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Chinese state steps in with ‘transformative’ move on sustainability in private sector

May 2012

China has introduced green lending guidelines for banks in order to encourage sustainable growth in the private sector.

The government’s banking regulator, the China Banking Regulatory Commission (CBRC), has told lenders to evaluate clients’ ESG risks and to adjust their access to credit accordingly. It ultimately advises banks to curb lending to polluting or energy-intensive industries in favour of support for green projects.

The management and supervision of overseas loans or investments must also improve, says the CBRC, to ensure compliance with the guidelines’ standards on environmental and social issues.

Banks will have to ‘publicly commit to adopt international best practices or standards for overseas projects’ – a measure that will be welcomed by many concerned at the rapid expansion of rarely CSR-conscious Chinese international operations.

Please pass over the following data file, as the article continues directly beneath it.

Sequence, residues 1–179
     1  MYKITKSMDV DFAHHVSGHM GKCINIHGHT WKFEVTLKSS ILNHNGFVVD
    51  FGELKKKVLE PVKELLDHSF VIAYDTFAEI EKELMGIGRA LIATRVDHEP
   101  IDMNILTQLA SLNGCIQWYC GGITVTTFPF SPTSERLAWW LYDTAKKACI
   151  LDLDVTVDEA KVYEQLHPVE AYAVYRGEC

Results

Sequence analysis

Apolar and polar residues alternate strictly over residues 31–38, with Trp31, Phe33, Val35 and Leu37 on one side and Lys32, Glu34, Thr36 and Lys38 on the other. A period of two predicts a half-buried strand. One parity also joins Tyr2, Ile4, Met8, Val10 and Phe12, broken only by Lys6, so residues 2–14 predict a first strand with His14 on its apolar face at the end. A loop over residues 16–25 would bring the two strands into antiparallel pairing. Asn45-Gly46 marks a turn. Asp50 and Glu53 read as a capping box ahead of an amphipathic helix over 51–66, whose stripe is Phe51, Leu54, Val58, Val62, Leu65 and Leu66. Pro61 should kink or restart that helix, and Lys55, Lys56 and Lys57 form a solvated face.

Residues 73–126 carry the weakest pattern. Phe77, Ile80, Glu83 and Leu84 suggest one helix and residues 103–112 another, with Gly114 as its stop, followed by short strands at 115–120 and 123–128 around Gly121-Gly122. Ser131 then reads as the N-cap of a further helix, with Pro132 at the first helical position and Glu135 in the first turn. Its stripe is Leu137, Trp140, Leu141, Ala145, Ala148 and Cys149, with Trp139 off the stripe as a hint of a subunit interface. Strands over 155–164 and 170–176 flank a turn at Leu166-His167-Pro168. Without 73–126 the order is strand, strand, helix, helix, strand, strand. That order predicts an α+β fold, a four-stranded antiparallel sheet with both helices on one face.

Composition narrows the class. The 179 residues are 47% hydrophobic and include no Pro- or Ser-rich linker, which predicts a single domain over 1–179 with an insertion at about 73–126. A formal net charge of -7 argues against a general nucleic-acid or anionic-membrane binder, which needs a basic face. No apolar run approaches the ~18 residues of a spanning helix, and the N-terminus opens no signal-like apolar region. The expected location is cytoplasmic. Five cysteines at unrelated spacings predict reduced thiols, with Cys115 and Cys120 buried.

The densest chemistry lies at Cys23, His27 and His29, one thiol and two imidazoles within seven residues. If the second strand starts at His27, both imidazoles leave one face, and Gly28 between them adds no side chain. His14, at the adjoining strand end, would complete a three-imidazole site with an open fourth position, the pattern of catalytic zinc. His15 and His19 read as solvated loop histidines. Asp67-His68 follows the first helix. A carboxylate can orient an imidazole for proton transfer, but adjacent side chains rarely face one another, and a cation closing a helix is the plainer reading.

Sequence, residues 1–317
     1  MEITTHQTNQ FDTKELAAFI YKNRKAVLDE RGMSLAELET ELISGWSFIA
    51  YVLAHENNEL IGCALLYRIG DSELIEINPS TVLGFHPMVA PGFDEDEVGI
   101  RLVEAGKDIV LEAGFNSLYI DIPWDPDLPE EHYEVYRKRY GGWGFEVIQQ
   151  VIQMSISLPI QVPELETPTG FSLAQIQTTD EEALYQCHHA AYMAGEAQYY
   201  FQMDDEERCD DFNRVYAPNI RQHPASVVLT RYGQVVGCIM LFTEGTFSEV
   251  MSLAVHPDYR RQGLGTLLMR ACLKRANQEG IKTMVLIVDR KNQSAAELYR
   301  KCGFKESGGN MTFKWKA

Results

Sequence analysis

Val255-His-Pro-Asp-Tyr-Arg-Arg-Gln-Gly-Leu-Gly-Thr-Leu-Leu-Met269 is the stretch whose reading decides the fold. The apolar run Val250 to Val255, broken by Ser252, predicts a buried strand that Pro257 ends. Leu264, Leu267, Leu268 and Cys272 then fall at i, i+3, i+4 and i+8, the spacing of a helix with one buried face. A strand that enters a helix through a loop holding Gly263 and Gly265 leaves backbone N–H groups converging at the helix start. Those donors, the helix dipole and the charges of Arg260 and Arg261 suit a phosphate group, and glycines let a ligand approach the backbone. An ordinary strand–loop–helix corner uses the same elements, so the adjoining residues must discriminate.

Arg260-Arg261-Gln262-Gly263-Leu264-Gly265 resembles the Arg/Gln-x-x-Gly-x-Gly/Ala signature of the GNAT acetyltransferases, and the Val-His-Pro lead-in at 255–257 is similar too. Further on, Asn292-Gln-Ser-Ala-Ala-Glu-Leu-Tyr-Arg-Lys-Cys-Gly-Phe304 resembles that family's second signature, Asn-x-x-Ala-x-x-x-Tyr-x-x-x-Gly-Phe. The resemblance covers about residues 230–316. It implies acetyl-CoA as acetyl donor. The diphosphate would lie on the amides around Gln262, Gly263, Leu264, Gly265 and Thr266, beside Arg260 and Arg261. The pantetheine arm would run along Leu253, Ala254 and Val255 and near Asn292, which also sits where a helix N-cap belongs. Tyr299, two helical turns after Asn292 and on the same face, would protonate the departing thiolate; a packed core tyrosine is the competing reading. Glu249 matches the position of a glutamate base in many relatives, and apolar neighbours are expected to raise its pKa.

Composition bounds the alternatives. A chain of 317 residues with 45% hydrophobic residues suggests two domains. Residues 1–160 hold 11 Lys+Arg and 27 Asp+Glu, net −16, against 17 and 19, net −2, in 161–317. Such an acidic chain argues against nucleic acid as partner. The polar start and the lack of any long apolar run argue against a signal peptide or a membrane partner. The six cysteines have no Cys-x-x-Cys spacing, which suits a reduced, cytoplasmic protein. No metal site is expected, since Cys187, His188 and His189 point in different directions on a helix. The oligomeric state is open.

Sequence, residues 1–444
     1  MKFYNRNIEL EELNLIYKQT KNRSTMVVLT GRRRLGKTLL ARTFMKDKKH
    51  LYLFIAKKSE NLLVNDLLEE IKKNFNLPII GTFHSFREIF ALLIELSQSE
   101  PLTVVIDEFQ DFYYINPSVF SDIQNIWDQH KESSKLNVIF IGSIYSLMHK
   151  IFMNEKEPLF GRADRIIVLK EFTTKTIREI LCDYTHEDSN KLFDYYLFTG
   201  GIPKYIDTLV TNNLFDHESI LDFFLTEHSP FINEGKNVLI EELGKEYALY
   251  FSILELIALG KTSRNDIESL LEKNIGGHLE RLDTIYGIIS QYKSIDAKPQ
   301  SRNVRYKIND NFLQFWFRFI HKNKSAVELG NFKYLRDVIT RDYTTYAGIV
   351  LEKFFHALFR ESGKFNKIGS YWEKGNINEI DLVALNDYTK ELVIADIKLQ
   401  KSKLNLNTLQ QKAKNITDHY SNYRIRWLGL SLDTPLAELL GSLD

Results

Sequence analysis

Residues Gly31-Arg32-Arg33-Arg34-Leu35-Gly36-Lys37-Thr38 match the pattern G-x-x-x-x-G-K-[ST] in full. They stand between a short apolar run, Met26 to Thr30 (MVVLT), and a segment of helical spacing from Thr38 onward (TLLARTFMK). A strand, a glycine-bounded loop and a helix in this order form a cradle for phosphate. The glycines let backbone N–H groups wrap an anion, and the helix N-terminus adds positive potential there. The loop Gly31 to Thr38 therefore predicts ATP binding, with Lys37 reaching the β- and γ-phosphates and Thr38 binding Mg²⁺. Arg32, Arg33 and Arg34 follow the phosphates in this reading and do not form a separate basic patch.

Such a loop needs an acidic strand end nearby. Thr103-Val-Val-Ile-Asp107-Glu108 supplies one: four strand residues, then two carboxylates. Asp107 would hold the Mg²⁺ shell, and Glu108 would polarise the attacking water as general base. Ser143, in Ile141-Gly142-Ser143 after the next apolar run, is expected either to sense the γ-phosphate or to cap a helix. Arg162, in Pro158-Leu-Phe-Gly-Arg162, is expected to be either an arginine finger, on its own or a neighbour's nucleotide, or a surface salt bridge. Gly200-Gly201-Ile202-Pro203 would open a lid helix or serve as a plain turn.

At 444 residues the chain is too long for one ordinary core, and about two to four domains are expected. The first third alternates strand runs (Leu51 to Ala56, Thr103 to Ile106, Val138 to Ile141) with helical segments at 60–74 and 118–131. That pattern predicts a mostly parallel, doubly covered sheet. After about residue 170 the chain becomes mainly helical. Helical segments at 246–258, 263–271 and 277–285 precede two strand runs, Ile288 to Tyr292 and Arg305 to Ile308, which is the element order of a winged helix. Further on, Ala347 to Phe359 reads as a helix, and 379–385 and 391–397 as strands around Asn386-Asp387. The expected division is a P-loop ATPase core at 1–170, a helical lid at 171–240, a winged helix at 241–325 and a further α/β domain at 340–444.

China already has green lending incentives, as the state uses its financial muscle to support green projects, but the guidelines document is the first to set out specific principles on the issue. The CBRC intends to establish a rating system to quantify adherence to the guidelines in the near future.

Zhang Rong, the International Finance Corporation’s programme manager for environment and social standards, said that Chinese banks could learn from progress in the area.

He said: “Actually, Chinese banks have already made very good attempts at green credit, and they can learn from the mature technology and management systems that their international counterparts have already been using for some time.”

The WWF observed: “This is a transformative development for China. The guidelines … acknowledge the essential role of the banking sector in promoting a green and sustainable economy, as well as the risks presented by activities that are detrimental to the environment and local communities.”




China Banking Regulatory Commission | Asia | Government role

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